So part of us is like, "Okay, let's do this," and folks, it's perfectly normal to be swinging back and forth between these emotions. It's perfectly normal to be, "Yes, finally," deep breath, and, "Do I really want to do this?" The other thing I want you to be aware of ... and it's listing the extreme emotions; despondent, fear, rage, hopelessness. The other thing I want you to be aware of are feelings of grief and loss. We've all lost something. If it's something as mundane as our daily routine to some of us have experienced death loss. We all are experiencing some of this. Part of the issue that we're struggling with this is because for a lot of us, we're in a holding pattern and we haven't been able to fully experience these feelings. So, what you might find is a few weeks from now, a few months from now, even a year from now, you might notice that these feelings just come up.
Where did this come from? Well, they've been there. It's just more in that holding pattern, our brain, our nervous system, our psyche doesn't feel safe going through that process because we're still in it ... through the process of feeling the feelings because we're still in the situation that's triggering it. So, we're having all those different feelings and going back and forth and that's normal. You can go ahead and expect it. It's okay. It's supposed to happen.
Oh, can you speak to the benefits of crying? Yes. Folks, let's just go ahead and break that rule that boys don't cry and that adults aren't supposed to cry. That's a bunch of hooey. When we have feelings, these are chemical reactions in our body. If we don't process these chemical reactions, these chemicals sit in our body and they get all gross, they get nasty, they get pus-y. I mean, not literally but how about that for a visual? Some of the ways that these feelings come out is by purposeful action, like doing something about it, talking about it, it can be actually talking with someone, it could be journaling, breathing, like I just taught you how to do, and crying. That is a major way that some of these uncomfortable feelings get out of our body.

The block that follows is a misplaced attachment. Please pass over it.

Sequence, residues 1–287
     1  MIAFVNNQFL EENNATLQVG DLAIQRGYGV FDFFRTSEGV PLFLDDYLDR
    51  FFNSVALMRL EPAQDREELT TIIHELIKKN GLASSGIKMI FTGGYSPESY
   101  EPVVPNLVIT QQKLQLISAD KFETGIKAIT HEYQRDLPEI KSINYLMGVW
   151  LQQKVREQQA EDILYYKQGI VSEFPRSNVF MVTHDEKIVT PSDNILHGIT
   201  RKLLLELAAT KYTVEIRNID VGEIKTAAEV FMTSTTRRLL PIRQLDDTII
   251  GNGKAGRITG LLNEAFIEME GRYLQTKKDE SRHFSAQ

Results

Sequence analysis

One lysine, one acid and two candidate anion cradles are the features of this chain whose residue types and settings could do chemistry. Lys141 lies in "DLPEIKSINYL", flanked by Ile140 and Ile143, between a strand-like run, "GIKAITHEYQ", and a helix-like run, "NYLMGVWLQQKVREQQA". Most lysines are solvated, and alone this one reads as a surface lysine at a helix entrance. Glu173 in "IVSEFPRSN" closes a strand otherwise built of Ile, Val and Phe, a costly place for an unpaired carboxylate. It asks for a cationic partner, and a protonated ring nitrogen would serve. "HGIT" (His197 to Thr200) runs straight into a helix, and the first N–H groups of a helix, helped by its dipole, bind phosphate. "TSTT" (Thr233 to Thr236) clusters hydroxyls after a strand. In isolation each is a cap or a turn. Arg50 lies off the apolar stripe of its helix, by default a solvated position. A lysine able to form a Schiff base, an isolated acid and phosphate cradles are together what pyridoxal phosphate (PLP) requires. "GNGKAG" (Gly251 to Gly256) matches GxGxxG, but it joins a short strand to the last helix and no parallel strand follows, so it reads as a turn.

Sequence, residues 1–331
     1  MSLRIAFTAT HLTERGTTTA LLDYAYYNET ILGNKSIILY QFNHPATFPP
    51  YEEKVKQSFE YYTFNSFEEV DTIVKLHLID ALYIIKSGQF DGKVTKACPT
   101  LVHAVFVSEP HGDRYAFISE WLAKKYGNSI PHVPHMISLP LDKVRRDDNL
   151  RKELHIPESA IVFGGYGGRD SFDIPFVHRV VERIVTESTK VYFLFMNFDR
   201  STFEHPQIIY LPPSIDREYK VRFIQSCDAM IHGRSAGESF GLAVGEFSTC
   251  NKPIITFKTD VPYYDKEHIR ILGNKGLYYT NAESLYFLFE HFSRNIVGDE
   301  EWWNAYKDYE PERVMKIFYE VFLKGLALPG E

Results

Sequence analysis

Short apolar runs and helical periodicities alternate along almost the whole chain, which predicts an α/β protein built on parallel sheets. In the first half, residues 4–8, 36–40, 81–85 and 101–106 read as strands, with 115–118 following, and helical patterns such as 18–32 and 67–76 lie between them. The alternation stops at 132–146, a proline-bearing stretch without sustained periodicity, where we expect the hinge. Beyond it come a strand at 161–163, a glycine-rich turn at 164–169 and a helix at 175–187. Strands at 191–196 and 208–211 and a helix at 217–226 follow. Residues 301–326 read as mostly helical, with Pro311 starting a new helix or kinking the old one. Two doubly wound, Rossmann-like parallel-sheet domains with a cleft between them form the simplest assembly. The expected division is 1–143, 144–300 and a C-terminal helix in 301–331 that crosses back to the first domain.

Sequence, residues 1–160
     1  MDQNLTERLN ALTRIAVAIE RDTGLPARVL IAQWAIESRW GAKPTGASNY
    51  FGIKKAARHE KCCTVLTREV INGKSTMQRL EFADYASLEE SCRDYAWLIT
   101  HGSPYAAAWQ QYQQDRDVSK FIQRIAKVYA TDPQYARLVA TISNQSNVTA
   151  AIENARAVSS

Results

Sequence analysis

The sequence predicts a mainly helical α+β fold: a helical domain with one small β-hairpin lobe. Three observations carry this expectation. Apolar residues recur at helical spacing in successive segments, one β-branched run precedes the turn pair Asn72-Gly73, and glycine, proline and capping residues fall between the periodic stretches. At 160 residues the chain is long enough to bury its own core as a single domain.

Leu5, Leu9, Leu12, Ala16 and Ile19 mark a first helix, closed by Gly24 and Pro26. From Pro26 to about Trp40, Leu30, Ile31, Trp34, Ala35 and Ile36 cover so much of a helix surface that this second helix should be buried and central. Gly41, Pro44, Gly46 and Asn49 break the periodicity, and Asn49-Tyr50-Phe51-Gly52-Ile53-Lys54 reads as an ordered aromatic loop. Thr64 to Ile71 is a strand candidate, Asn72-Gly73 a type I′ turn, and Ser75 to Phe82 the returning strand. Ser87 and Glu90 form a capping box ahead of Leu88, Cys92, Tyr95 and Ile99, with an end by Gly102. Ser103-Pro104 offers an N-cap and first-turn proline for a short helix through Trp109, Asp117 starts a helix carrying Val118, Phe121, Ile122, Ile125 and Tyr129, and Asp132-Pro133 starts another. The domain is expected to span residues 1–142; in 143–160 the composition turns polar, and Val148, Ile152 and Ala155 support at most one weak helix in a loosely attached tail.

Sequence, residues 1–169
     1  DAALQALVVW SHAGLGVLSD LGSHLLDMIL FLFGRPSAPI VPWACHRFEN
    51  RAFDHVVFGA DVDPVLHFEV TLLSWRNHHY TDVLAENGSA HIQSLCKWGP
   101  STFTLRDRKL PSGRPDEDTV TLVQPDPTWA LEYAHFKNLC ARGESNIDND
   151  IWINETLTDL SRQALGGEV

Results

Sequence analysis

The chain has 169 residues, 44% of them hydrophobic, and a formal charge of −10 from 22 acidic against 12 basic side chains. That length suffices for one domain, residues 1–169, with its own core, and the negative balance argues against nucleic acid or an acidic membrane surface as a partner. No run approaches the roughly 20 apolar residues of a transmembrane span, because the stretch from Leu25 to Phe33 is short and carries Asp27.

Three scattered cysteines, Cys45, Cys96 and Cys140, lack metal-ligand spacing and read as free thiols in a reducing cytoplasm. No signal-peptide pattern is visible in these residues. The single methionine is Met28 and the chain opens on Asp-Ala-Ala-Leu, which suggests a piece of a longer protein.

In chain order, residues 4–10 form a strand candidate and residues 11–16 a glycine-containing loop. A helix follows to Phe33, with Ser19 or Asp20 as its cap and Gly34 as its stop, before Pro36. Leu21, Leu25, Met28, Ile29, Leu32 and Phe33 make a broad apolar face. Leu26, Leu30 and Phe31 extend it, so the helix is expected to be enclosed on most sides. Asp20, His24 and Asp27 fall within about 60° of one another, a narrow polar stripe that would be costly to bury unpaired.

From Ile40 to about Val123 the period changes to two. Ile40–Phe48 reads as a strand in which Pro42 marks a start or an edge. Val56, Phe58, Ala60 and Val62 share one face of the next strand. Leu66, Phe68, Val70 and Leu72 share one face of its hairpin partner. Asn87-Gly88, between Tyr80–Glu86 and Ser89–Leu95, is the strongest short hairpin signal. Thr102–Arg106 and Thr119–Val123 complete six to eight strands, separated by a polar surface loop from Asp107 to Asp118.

Did you know that the chemical composition of tears of laughter is different than the chemical composition of tears of sadness? You can be watching a comedian or a funny movie or whatever and laughing so hard that you're crying, your eyes will never get red because they don't have the chemicals in them, these tears of happiness, of joy. They don't have those chemicals that make your eyes red. Obviously, crying from sadness, our eyes get red pretty quickly because that's the way the chemicals are coming out. So, let yourself get a good cry. When my daughter, my 11 year old and she's having the meltdown and she's crying and snot everywhere, I'm like, "I'd like to do that but it's not socially acceptable for adults to cry and have snot everywhere." But, sometimes we need it, so let yourself feel those feelings.
Okay, let's see. And, do allow yourself to feel the feelings, even the comfortable ones. It doesn't mean you're minimizing what's going on. There's life. We want to go ahead and experience life, the whole of it. Let's see.
Now, family time. We want to go ahead and be aware there's a lot of things that have come up during this process that we probably want to keep. Some of the things, like the way we interact with each other. My husband, he's into baseball. Yeah, I know, there's not been any baseball. He's home here. He's here. He's been here. It's weird. And, I'm so supportive of, "Honey, when they make a decision, you get to go back to work." I love having him here and it is different, and because it's been a different dynamic ... We've been together since '06, so 14 years. This is different, and we've been able to look at our relationship differently, and there's a lot of things that I want to take with.